This stirring critique of Calvinism - 5 Reasons Why Calvinism Makes Me Want To Gouge My Eyes Out - opposes Calvinism partly on the basis of the lived out reality of Calvinism as a theological driver for church life and partly on the basis of the terrifying logic of Calvinism's attempt to systematise the theology of Scripture. Excerpt below.
Yet is Calvinism easy to reject completely? Scripture after all has a strong theme of election (think tiny Israel chosen from among the nations), and concern that only a minority are saved is not necessarily ameliorated by promoting Arminianism over Calvinism: whether we subscribe to either "isms", we have a Lord and Saviour who taught that only a few find the way. On one aspect of Calvinism I suggest no simple solution exists: predestination versus free-will can be couched in such a way that predestination seems absurd. Yet I remember from first year philosophy reading a (non-theological) treatise on determinism versus free-will which opened my eyes to how difficult the concept of free-will is!
I am curious about one line within the argument:
'We don’t need a belief system that leaves us wondering as to whether or not we got picked; we need a belief system that assures us we were already picked and that we’re free to enjoy the benefits of being picked.'Is that not Calvinism? If so, then the writer's main objection to Calvinism seems to boil down to understanding the concept called 'limited atonement'. A concept which I see as paradoxical: if Christ died for all, but not all are saved (whether we make the choice, God makes the choice, or both) then the effects of the atonement are limited.
Nevertheless my attraction to this post concerns what the writer says about the toxicity of Calvinism within church culture. Is Calvinism as a theological system good for the church? For example, does it contribute to the flourishing of love within congregational life or does it enhance commitment to world-facing mission? The comments below the post are worth a look if engaging with such questions.
Here is one excerpt from the post:
'One of the key aspects of Calvinism is a concept called “predestination” which essentially means, God picked the people who are going to heaven. Where it gets sick is on the flip side of that same coin (a position held by Calvin), that God also picks the people who go to hell. There are no choices involved– before God even created us, he hand picked who would go to heaven and who he would burn in hell for all of eternity.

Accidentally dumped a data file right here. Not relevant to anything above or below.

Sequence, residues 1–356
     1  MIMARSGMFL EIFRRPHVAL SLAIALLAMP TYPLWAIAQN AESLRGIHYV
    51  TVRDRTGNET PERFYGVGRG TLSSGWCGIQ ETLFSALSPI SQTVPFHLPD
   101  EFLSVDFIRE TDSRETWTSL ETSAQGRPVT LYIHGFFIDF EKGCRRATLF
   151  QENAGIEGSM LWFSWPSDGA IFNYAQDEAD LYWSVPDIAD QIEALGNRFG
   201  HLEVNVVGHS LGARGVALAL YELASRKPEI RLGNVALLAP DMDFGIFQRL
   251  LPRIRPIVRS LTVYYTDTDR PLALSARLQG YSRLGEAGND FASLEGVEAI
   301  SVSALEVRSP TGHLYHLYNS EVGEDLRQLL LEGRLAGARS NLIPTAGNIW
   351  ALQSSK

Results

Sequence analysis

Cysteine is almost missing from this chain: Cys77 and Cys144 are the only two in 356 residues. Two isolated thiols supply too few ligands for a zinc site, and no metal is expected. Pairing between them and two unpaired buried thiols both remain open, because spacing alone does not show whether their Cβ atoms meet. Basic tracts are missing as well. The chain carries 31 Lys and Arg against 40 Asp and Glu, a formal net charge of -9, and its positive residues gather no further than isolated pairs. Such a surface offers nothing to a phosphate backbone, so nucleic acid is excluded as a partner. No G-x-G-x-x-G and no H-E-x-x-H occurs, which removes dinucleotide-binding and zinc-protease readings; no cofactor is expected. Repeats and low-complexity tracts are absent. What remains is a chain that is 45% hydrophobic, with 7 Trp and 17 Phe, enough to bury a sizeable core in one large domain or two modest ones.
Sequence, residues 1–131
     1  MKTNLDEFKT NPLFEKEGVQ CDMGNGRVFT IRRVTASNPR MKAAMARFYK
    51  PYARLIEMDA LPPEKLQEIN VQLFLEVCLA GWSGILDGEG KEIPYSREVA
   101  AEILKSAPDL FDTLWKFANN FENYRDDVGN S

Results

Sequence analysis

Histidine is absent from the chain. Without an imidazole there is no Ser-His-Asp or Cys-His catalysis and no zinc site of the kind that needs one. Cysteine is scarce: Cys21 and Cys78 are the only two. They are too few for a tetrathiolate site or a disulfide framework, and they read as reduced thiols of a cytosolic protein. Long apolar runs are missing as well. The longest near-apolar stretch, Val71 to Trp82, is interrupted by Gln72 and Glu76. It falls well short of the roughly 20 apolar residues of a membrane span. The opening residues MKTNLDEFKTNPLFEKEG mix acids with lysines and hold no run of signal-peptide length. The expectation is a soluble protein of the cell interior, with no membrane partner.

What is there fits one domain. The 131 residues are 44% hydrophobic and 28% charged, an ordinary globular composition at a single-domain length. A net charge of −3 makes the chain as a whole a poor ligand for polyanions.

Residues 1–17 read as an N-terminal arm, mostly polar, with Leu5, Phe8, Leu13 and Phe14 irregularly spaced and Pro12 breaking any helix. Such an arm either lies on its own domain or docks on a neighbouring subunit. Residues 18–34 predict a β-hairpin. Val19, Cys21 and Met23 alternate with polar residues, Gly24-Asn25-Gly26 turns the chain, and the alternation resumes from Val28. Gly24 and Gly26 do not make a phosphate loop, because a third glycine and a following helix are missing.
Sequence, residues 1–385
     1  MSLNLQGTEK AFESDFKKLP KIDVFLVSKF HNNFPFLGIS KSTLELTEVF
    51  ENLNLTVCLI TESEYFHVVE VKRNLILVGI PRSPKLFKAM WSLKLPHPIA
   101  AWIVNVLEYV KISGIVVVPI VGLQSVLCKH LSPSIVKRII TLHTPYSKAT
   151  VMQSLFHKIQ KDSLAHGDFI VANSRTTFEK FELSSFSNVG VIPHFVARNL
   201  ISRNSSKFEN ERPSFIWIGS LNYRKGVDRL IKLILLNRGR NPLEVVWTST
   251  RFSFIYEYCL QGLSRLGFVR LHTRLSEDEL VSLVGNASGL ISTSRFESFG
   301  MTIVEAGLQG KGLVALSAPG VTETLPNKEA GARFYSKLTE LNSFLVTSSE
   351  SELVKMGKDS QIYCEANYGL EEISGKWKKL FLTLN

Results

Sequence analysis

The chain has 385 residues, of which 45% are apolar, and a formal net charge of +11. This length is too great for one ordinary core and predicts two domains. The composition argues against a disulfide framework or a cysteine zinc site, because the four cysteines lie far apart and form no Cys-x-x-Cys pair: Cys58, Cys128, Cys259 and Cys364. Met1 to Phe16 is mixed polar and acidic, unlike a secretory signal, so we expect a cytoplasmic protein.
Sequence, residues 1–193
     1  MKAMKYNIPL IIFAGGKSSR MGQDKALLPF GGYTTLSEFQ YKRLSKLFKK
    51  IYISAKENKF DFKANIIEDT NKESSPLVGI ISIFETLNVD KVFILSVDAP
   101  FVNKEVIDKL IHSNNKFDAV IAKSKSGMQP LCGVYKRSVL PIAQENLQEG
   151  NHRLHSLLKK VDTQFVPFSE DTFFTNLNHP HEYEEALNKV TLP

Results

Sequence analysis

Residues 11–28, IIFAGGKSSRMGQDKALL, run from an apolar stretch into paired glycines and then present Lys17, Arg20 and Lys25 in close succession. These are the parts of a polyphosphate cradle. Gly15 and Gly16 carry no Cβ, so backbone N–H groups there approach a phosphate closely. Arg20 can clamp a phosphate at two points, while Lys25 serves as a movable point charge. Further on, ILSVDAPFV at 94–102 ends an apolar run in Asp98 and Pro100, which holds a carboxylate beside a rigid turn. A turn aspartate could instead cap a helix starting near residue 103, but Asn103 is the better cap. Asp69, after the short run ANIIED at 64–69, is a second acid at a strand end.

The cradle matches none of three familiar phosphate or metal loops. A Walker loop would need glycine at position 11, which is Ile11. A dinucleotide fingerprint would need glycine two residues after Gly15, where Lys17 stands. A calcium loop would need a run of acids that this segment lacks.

Now, we know from the teachings of Jesus that the group of people in history who embrace God is smaller than the group who do not (broad vs. narrow road). If both Calvinists and Jesus are equally correct, the result is purely evil. This would mean that God created a MAJORITY of humanity for the sole purpose of torturing them in hell for all of eternity, and that they never had a choice. God would have created them for the sole purpose of torturing them. I just don’t think I can worship a god who would do something like that.
Case in point: if I get to heaven and find out that my beautiful daughter Johanna is in hell and that she’s in hell because God chose her before the foundations of the world to burn for all eternity, I won’t be able to worship him in good conscience. Perhaps I would bow down out of total fear, but I would NOT worship him because he was holy, beautiful, and “all together wonderful” as Boyd often describes him. Instead, I would bow down because he would be a sick and twisted god who scared the crap out of me.'For myself I wonder if Calvinism is asking the wrong questions of Scripture. Predestination in the hands of Paul in Ephesians, for instance, is a wonderful answer to the question, 'Will God save me?' Or, 'Is God committed to saving me?' Conversely it is a poor answer to questions such as, 'Who will be saved?' 'How can I be saved?' 'Are some people destined not to be saved?'
The very ability of humanity to ask questions such as these is a testimony to the reality of free-will: it would be absurd of God to create people who can ask, 'How can I be saved?' while destining such questioners to an answer, 'Don't bother, you are not going to be saved, you cannot choose to be saved.'
In the paradoxes involved in these matters I suggest it would also be absurd to conclude from human ability to choose that God is only interested in people making choices, disinterested in whether anyone chooses to follow Christ and neutral over the possibility that potentially no one might be saved because all choose to reject Christ. If Scripture teaches anything, from Genesis to Revelation, it is that God is intentionally and intensely committed to having a people of God for eternity.
As an Anglican I find myself a little bit Calvinist and a little bit Arminian and hopefully without toxicity.